Dominic Thiem: What happened to him and what does the future hold?
A few years ago, Dominic Thiem was the man. Well, not the man, but the man to catch the man (or men) and give tennis something new to celebrate.
At that time, the ATP was completely dominated by the big three. Roger Federer was on the wane but he was still able to win any tournament he entered, and Rafael Nadal and Novak Djokovic were looking as strong as ever. What that produced was historic, but it didn’t offer the greatest variety.
The Austrian was at the right age and had the game to break that monotony of monopoly, and his US Open triumph felt like the breakout moment that would give him the belief to take himself to a new level.
It hasn’t happened. In fact, the complete opposite has.
A cursory glance at Thiem’s form this year should be enough to cause concern for anyone. He has played ten matches so far in 2023 and lost nine of them.
Those matches were not, as you might expect, the result of unkind draws borne of his ranking dropping. In fact, with the exception of Andrey Rublev at the Australian Open, Thiem has not faced a top-20 player yet this season.
His only success came against world number 51 Alex Molcan in Buenos Aires which, ironically, is one of the higher-ranked players he has met this year.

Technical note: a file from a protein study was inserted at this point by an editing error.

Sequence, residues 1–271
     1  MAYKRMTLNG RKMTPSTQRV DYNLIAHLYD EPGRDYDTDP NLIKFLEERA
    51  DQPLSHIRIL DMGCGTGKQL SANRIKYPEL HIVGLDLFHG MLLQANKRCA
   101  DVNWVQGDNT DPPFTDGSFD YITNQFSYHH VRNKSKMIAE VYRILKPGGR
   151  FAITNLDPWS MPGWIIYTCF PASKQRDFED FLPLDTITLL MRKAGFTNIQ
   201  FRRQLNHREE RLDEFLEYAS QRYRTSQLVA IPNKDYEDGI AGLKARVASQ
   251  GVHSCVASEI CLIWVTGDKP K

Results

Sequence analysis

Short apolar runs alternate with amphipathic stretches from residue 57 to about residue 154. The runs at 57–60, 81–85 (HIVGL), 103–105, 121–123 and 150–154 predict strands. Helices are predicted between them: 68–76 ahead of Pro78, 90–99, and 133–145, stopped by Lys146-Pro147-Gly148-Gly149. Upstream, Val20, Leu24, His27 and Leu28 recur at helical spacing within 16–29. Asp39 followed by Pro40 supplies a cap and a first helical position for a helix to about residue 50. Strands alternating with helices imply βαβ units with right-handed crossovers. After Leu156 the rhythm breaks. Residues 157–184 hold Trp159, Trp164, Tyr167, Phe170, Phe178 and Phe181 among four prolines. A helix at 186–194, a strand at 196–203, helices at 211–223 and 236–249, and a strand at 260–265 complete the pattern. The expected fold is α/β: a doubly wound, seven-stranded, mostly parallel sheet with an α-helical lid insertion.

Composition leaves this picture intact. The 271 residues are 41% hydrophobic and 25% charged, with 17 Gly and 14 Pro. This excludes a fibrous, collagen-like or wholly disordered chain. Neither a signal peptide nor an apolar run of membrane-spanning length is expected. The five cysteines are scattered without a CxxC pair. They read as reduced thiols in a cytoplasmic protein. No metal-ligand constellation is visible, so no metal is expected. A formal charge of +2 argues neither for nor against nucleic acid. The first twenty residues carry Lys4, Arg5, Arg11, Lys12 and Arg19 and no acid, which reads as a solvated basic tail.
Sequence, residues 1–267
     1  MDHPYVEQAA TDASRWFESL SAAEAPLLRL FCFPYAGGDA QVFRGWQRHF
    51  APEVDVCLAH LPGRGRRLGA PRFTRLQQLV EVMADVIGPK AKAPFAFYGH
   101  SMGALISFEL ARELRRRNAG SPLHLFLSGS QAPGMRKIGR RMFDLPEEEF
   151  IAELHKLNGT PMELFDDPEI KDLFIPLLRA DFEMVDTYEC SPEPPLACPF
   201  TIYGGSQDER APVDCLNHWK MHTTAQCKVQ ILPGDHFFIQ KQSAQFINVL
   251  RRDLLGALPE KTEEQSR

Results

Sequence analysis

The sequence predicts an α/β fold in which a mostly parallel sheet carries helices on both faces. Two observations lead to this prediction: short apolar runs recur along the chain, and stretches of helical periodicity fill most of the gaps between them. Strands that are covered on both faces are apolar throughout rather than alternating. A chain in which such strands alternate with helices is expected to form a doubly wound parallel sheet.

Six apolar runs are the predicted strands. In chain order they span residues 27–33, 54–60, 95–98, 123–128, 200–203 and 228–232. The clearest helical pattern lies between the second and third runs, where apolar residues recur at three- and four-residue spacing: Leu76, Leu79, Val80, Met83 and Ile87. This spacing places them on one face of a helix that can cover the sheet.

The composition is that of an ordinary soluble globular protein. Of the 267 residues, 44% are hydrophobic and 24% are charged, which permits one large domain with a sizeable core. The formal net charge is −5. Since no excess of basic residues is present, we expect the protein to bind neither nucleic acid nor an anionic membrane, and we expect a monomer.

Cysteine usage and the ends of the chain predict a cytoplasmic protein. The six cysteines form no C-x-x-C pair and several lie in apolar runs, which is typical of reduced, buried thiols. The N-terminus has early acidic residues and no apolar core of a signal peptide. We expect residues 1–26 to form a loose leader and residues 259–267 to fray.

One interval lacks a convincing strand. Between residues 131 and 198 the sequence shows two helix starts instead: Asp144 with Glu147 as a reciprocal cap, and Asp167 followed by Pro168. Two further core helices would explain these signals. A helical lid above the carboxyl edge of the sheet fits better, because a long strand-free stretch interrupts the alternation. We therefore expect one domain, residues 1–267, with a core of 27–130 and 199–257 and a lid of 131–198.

The Sunshine Double of Indian Wells and Miami saw him drawn against Adrian Mannarino and Lorenzo Sonego, and losing to either is far from a disgrace in isolation. It is the trend that is the concern, though. A third of his defeats this season have come against players ranked in three figures.
Thiem has suffered with injury, of course, and he is far from the only player to have struggled following a lengthy spell out of the game.
When he beat Emil Ruusuvuori in Bastad in July 2022, it was his first win on the ATP Tour for 14 months. He followed it up with an impressive conquest of Roberto Bautista Agut in the next round, and he appeared to have come through his most difficult days.
Including those wins at Bastad, he went 22-11 to finish the season and things were looking good again. His losses, for the most part, came against top players such at Matteo Berrettini, Jack Draper, Pablo Carreno Busta, Hubert Hurkacz, Marin Cilic, Andre Rublev, Sebastian Korda and Daniil Medvedev. Even in his pomp, you’d not have necessarily been surprised to see him losing to those players. Generally, he was beating the players you’d expect him to, and that is always a positive sign.
What, then, has gone wrong this season? Well, the trust is that we can trace Thiem’s struggles all the way back to his most glorious moment – his US Open title in 2020.
“[The fire] went out after the US Open,” Dominic Thiem admitted in February. “I don’t want to blame myself for that.
“There are players who celebrate great success who are spurred on by that, who are pushed even further to perform even better, who are immediately on fire to win the next Grand Slam title. It wasn’t like that for me, I’m a different guy.”